Steely Sharks compound Blues’ woes

RYAN VREDE reports on a 29-23 victory for the Sharks over the Blues that plunges the Auckland franchise into crisis.

There was a shared sense before this fixture that technical and tactical superiority would be less important to the Blues than sheer guts and grit. They have endured a battering in the press and public for their mediocrity and their rebuttal had to be good. It wasn’t. Far from it. There was only a small measure of the guts and grit their situation demanded. Their attacking play was sterile and their defence continues to be generous. Coach Pat Lam is surely now on the brink of losing his job.

Coming back from 15-0 down to trail 15-13 at the break suggested that they still had a little character. They were undoubtedly the better team in the first half, the Sharks’ two tries in that period coming thanks to two intercepts. Outside of that the Durban side failed to trouble their hosts. Certainly they were physical and organised on defence, but they profited from the Blues’ wastefulness in excellent positions. The Blues would finish with 17 handling errors and this was ultimately terminal to their cause.

The best of their spurned opportunities fell to Ma’a Nonu, who knocked on 7m short of the tryline. The Blues had reigned themselves in after a tactically cavalier start to the match and by the 30 minute mark were troubling the Sharks with their ability to play through multiple phases as well as their lineout and breakdown contest, the latter being the source of numerous broken field opportunities they failed to exploit.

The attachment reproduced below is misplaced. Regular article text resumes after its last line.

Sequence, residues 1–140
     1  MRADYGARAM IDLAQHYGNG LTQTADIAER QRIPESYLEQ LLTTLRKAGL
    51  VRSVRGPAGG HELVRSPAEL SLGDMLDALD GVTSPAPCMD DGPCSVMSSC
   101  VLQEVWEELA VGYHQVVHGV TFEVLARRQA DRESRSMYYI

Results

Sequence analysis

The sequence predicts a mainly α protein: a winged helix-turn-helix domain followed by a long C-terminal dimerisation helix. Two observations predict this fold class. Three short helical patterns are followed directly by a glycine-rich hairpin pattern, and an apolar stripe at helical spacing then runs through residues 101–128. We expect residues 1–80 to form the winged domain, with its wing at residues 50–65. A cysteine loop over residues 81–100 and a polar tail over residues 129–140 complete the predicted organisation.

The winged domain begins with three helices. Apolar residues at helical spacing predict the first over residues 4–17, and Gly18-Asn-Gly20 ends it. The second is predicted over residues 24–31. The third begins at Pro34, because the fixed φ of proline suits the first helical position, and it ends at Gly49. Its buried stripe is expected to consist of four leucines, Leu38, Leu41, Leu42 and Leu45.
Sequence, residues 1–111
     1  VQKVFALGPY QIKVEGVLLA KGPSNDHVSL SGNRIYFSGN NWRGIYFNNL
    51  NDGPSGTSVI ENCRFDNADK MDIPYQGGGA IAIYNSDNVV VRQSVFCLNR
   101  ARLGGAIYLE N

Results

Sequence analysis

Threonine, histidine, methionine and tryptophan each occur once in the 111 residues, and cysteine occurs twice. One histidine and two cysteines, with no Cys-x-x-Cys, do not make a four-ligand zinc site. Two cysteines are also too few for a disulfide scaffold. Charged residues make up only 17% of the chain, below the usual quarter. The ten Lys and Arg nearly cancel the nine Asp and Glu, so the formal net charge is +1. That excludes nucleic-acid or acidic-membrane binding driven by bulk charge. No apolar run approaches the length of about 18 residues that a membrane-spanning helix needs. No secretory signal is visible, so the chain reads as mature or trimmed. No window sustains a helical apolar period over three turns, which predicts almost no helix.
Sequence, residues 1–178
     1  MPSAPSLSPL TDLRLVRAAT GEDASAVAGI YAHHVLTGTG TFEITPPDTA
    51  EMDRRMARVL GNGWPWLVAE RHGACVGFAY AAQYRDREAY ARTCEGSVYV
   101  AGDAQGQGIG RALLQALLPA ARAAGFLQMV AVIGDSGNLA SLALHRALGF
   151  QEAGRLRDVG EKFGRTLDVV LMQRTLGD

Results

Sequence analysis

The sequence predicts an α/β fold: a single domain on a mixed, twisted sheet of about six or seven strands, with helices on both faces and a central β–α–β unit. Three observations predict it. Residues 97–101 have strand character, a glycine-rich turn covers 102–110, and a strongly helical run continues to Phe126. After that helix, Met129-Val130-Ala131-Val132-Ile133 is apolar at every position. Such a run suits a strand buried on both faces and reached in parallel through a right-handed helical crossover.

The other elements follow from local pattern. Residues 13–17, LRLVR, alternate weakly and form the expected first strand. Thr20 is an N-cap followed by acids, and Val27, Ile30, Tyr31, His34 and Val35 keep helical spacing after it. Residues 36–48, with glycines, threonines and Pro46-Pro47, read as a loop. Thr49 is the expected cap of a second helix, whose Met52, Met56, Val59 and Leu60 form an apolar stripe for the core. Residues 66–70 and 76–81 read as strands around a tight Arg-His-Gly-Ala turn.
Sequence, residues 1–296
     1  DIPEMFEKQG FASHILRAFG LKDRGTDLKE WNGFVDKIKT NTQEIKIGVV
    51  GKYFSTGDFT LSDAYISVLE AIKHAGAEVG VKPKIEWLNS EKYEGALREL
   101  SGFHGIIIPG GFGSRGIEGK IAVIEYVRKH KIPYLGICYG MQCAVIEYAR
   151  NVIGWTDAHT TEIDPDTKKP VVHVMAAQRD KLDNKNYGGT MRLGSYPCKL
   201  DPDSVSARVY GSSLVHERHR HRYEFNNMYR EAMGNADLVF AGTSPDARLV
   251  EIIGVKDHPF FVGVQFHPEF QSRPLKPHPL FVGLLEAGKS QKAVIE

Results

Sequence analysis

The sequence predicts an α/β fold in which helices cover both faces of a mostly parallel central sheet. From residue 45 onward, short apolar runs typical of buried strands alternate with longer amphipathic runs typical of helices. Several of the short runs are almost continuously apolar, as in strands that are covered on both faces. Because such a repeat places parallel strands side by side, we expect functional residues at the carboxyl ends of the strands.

But they would have been satisfied with the two-point deficit going down the tunnel and then elated at scoring a converted try just after the restart to take the lead for the first time. However, in typical Blues fashion, they fell into a deep defensive slumber and conceded two converted tries in five minutes, the first from Keegan Daniel and the second a controversial Tim Whitehead score. The midfielder clearly knocked the ball forward into a Blues player but recollected en route to the tryline.

The Sharks’ bench gave them fresh attacking and defensive impetus but they couldn’t manage the try that would surely have sealed the result. With 13 minutes to play Gareth Anscombe kicked his side to within a converted try of taking the lead. But the Blues looked every bit a team who lacked the belief to grab a win from that position. They made fundamental errors, while the Sharks were tactically masterful in closing down the game.

They return to Durban with five points from this match and two tour wins from four matches – an acceptable return that aids their push to top the SA conference. The Blues are left to pick up the pieces of a season that one senses is yet to reach its nadir.